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5 On-Screen Corporate Cultures To Avoid In Real Life

corporate culture

 

by Paul Spiegelman

 

Movies that people can relate to in an emotional or artistic way are the ones that resonate with audiences. Hollywood thrills our imagination, but it’s important to remember that movies are created to entertain us. Once we leave the theater, they shouldn’t necessarily provide blueprints for our own practices.

 

Corporate cultures on the silver screen, for example, can sometimes be unhealthy and corrupt. You may enjoy watching these movies, but if you actually had to work at the places depicted, you might think differently. Don’t make a classic villain mistake and model your business after one of these make-believe organizations.

 

1. “The Wolf of Wall Street” (2013)

Leonardo DiCaprio’s portrayal of Jordan Belfort was so awe-inspiring that it almost landed him an Oscar. Belfort was a popular CEO whose penny stock exchange made his employees millionaires. They partied like we all secretly (or not-so-secretly) wish we could. All the brokers in the wolves’ den had smiles on their faces up until the Feds cuffed them, and that’s the lesson we should be careful not to miss.

 

If the core values of your business contradict the Golden Rule, you could share the fate of Belfort’s employees. He became a whistleblower and sold his employees out to save himself. Occupy became a real movement. Activists both on- and offline constantly keep an ear out for corporate misgivings and know how to create negative press. Long story short, you don’t have to believe in karma if the person you ripped off does.

 

2. “The Devil Wears Prada” (2006)

In “The Devil Wears Prada,” you half expect Meryl Streep to show up at the office in a Dalmatian fur coat. Hazing isn’t just for new hires, and the “Mean Girls” atmosphere is palpable. It’s hard not to side with Anne Hathaway’s character, Andrea Sachs, who claws her way into Miranda Priestly’s good graces and still manages a weak smile as her personal relationships fall apart.

 

Rather than forcing your employees to choose between personal happiness and their jobs, you should encourage a healthy work-life balance, and your employees should feel that their contributions are valued.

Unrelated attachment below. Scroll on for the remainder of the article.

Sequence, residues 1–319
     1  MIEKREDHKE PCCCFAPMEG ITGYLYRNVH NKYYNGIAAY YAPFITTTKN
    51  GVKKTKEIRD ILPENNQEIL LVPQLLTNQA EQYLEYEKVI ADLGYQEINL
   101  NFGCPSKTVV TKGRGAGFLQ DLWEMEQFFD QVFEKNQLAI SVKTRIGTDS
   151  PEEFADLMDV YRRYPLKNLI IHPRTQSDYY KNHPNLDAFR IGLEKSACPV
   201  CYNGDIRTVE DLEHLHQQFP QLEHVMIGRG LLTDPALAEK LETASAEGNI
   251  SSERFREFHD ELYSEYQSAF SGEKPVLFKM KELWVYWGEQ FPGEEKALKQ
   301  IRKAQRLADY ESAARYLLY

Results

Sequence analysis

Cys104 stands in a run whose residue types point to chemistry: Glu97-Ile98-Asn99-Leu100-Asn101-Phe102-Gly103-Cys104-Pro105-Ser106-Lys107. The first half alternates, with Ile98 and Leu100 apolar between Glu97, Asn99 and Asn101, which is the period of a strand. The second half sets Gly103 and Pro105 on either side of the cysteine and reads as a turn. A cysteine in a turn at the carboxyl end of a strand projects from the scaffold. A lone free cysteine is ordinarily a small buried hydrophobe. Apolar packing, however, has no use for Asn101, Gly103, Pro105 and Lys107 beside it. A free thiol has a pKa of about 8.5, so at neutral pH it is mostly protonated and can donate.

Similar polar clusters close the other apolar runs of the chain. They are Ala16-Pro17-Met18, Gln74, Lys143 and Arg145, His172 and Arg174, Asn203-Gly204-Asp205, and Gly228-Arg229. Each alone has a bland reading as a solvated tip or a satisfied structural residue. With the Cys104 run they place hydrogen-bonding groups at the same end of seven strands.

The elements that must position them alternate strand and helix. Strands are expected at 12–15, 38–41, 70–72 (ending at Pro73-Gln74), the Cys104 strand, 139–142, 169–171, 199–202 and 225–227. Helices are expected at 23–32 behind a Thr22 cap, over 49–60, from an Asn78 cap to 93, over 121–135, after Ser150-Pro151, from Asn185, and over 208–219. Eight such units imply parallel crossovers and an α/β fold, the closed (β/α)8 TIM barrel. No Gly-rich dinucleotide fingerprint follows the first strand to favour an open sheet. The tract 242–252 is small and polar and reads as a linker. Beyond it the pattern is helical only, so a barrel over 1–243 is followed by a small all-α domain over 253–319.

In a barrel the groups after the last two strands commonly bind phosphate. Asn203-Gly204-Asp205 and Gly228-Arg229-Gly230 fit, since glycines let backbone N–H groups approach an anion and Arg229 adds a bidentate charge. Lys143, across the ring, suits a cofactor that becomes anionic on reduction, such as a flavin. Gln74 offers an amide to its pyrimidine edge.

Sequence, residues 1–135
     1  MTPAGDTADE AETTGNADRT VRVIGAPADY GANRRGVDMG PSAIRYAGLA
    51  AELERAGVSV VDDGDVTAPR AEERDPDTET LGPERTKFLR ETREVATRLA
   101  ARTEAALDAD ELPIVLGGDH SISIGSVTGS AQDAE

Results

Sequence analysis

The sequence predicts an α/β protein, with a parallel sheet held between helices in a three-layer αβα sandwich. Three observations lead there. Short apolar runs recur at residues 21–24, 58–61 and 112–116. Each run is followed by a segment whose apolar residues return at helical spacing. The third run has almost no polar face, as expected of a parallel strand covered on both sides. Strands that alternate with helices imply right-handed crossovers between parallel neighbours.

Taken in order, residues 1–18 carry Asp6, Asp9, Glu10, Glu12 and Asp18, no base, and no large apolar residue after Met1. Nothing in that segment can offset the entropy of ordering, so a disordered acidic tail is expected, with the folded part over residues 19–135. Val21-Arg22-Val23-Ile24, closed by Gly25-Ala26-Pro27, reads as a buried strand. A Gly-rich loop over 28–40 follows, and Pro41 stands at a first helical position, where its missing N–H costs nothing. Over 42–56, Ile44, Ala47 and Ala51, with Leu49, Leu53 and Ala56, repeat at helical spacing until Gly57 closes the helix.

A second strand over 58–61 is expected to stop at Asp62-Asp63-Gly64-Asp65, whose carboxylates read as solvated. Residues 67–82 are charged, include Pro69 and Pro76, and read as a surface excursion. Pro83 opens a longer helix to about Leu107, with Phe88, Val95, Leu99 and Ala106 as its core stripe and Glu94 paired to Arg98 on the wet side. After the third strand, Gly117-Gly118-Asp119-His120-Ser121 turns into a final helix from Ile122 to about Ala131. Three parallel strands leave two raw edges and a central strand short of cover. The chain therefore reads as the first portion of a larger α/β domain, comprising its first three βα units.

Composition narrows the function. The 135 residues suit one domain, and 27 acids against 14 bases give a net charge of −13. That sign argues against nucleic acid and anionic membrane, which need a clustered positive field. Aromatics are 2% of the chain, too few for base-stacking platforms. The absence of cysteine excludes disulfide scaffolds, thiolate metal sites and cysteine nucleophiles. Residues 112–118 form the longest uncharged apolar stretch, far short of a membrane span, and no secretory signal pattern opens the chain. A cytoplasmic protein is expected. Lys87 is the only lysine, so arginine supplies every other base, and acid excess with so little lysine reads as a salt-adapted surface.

3. “Office Space” (1999)

It’s hard to decide what’s worse — having a constant case of the Mondays or being encouraged to wear more flair than is required. Mike Judge perfectly encapsulated some of the more chalkboard-scratching moments of cubicle life in this film. This place has so many forms and broken systems, it’s no wonder everyone’s constantly being asked to work overtime.

 

Your employees are human beings who need spontaneity and a sense of purpose. If your company doesn’t reinforce these values, there will be a disconnect.

 

Toyota fosters an environment where employee suggestions are taken seriously, and the company made a profit both before and after American auto companies received bailouts. This is just one example of how listening to employees and making them feel valued pays off.

 

4. “Glengarry Glen Ross” (1992)

Alec Baldwin is more infamous lately for his antics in the media and his caricature of GE mogul Jack Donaghy in NBC’s sitcom “30 Rock,” but back in 1992, he portrayed corporate corruption in a less playful way. As a corporate trainer, he provided “motivation” more akin to “Full Metal Jacket” than Matt Foley. His sales incentives included a car for first place and a set of steak knives for second. The salesman in third place would be fired.

 

When the stakes are high, it’s hard not to cut corners out of desperation, but this is the last thing you’d want in the real world. High-pressure sales tactics are extinct. Your customers should come first; if you don’t provide value, your competition will.

 

5. “Boiler Room” (2000)

If you’ve ever worked in a retail sales environment, you’ve likely heard quotes from “Boiler Room” without even realizing it. Giovanni Ribisi plays a young man who gives up his illegal casino operation to work for a brokerage firm that promises him million-dollar earnings in just three years. As it turns out, the sham firm is under investigation by the FBI for pumping and dumping stock. Once again, a lack of values catches up to the bad guys.

 

It doesn’t take bonuses, fast cars, and strippers to make people happy. You can demonstrate your commitment to fostering a positive culture at work simply by valuing positive contributions and firing negative contributors to the team. You can create an environment where ideas come first, no matter who provides them.

 

Your entire company can be aligned to follow a single vision and purpose, but for it to be healthy for both your company and the people involved, it has to be a positive vision.

 

What do you do to foster a positive work culture in your business?

 

Paul SpiegelmanPaul Spiegelman is the chief culture officer at Stericycle and founder and former CEO of BerylHealth. He also co-founded the Small Giants Community with Inc. editor-at-large Bo Burlingham. He is an Entrepreneur-in-Residence for Office Depot’s SmallBizClub.com. You can read more at PaulSpiegelman.com or follow him on Twitter @paulspiegelman.

 

 

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star5112 | Courtesy of Author

Author : Guest Post

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